With election fever in the air following the string of recent political party conferences I thought I’d ponder how social media will be used by the political parties in the run-up to next year’s election to engage with people like me (i.e. young, male, successful and brilliant).
First things first, we can’t talk about online political campaigns without first referencing the daddy of all campaigns – Obama’s 2008 presidential election. This was quite simply the best social media campaign that has ever been implemented, either on a political or commercial basis. It had all the ingredients: imaginative – tick, engaging & compelling – tick, innovative – tick, got people talking – tick, and most importantly, got results – tick. Using this at the benchmark then, how then do the UK strategies match-up?
Despite David Cameron’s “too many twits might make a twat” comments, Twitter is the politician’s weapon of choice when it comes to social media. The effectiveness and ease of the channel for bating the opposition and gaining publicity was highlighted by John Prescott’s #welovethenhs campaign to bring attention to Tory MEP Daniel Hannan’s criticism of the NHS on US TV.
In attempt to corral support, Labour and more recently the Tories have launched their own websites. The Tories’ www.myconservatives.com – is an ‘Obama-style’ campaigning website designed to drum up support in the run-up to next year’s general election, while Labour have their own social networking site, LabourSpace (see what they did there, they added ‘Space’ to Labour, as in MySpace….clever, very clever indeed). Now these are all well and good , but they are primarily preaching to converted rather than getting the undecided or swing voters to join the revolution (though I appreciate that’s what these sites were created for.)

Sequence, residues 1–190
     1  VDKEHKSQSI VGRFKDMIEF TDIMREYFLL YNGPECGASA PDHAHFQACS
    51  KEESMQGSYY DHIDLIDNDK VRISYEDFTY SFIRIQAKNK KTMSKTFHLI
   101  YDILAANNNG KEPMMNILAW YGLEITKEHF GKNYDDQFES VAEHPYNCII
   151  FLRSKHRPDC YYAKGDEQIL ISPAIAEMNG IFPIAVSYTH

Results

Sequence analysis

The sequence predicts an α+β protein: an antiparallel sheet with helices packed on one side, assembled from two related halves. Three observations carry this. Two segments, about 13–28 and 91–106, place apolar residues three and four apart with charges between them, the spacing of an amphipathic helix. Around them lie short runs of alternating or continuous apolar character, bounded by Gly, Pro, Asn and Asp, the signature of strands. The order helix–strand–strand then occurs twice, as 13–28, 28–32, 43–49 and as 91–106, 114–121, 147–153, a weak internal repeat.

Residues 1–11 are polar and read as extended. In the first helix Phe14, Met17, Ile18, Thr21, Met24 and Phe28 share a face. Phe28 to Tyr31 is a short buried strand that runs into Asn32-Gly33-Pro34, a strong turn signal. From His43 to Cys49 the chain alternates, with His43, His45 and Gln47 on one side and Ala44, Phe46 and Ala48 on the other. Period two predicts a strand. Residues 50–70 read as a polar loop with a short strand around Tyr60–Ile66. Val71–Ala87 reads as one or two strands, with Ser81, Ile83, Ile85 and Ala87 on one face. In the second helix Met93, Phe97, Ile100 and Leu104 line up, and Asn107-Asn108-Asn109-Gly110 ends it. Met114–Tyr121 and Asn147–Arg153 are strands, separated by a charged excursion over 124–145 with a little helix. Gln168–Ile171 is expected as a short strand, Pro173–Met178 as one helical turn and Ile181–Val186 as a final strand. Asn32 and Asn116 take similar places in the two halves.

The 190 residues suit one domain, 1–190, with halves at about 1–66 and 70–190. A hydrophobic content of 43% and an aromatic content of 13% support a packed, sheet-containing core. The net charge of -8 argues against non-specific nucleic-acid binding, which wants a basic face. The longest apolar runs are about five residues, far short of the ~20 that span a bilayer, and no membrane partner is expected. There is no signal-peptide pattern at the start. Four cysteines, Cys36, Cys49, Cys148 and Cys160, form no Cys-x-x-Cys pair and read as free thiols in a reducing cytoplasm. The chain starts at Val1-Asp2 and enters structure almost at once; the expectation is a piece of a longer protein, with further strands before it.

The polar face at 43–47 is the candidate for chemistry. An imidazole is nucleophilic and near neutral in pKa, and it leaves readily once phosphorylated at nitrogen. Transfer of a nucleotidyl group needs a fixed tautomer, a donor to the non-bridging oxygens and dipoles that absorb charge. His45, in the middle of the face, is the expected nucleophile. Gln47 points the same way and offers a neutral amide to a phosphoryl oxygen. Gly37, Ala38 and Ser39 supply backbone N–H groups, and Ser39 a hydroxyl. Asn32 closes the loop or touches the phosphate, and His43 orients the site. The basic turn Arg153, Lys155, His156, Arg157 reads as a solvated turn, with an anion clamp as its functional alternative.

So then, if we leave aside the fact that Gordon Brown is currently less loved than a ginger step-child and the next Prime Minister is a fore-gone conclusion, will social media influence the results of next year’s election? Well, to put it bluntly…. probably not.
First of all let’s make things clear, Obama didn’t win the U.S. election because of his social media campaign, he won it because he was the outstanding candidate – pure and simple. Combining a healthy dose of optimism and a spoonful of charisma, Obama offered the U.S. public something fresh, something needed. What his social media strategy did do however, was tap into the electorates’ latent desire for change. Facebook, Twitter, YouTube et al simply provided the channel in which he could engage with this audience of frustrated voters.
And it’s here that I think the majority of politicians (and indeed many brands and companies) are missing the point. If you are going to use social media, you need to create a compelling reason for people to engage with you, you need to add value. You shouldn’t simply create the obligatory Facebook, Flickr, Twitter pages so that you can tick the social-media box and move on.
The problem with social media and political parties is compounded by the fact that most of us Brits have an inherent mistrust of politicians, and are therefore unlikely to want to engage with the likes of Gordon, Dave or Nick. An Obama-style social media blitz is never going to work in the UK unless the political parties can find a USP (or message) that will resonate with the British public and then communicate it in such a way that people feel apart of the movement.
If social media can sell something as “unappealing” as British politics to the young, then it really could be a recipe for social change.